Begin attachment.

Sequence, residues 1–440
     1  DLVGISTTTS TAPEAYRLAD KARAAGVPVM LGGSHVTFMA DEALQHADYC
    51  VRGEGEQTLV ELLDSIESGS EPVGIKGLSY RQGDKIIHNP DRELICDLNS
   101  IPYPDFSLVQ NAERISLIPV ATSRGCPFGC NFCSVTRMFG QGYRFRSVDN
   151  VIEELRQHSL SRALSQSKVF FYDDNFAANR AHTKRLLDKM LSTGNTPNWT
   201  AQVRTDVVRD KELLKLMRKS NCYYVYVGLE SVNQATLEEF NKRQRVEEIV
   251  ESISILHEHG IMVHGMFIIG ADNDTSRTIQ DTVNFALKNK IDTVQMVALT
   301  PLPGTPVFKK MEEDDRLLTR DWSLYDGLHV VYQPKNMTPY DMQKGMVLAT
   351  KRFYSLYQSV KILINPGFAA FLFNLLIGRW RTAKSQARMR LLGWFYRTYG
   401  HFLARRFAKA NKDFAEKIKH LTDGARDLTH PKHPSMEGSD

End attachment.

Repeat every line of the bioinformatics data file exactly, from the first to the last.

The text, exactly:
Sequence, residues 1–440
     1  DLVGISTTTS TAPEAYRLAD KARAAGVPVM LGGSHVTFMA DEALQHADYC
    51  VRGEGEQTLV ELLDSIESGS EPVGIKGLSY RQGDKIIHNP DRELICDLNS
   101  IPYPDFSLVQ NAERISLIPV ATSRGCPFGC NFCSVTRMFG QGYRFRSVDN
   151  VIEELRQHSL SRALSQSKVF FYDDNFAANR AHTKRLLDKM LSTGNTPNWT
   201  AQVRTDVVRD KELLKLMRKS NCYYVYVGLE SVNQATLEEF NKRQRVEEIV
   251  ESISILHEHG IMVHGMFIIG ADNDTSRTIQ DTVNFALKNK IDTVQMVALT
   301  PLPGTPVFKK MEEDDRLLTR DWSLYDGLHV VYQPKNMTPY DMQKGMVLAT
   351  KRFYSLYQSV KILINPGFAA FLFNLLIGRW RTAKSQARMR LLGWFYRTYG
   401  HFLARRFAKA NKDFAEKIKH LTDGARDLTH PKHPSMEGSD